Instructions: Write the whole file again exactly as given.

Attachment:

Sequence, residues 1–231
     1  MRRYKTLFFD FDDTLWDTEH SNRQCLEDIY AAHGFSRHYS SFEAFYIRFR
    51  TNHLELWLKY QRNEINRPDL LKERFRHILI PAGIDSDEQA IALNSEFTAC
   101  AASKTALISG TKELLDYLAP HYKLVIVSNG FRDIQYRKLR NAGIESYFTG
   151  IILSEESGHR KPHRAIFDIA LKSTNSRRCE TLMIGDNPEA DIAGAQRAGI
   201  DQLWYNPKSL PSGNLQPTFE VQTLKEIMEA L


Sequence, residues 1–231
     1  MRRYKTLFFD FDDTLWDTEH SNRQCLEDIY AAHGFSRHYS SFEAFYIRFR
    51  TNHLELWLKY QRNEINRPDL LKERFRHILI PAGIDSDEQA IALNSEFTAC
   101  AASKTALISG TKELLDYLAP HYKLVIVSNG FRDIQYRKLR NAGIESYFTG
   151  IILSEESGHR KPHRAIFDIA LKSTNSRRCE TLMIGDNPEA DIAGAQRAGI
   201  DQLWYNPKSL PSGNLQPTFE VQTLKEIMEA L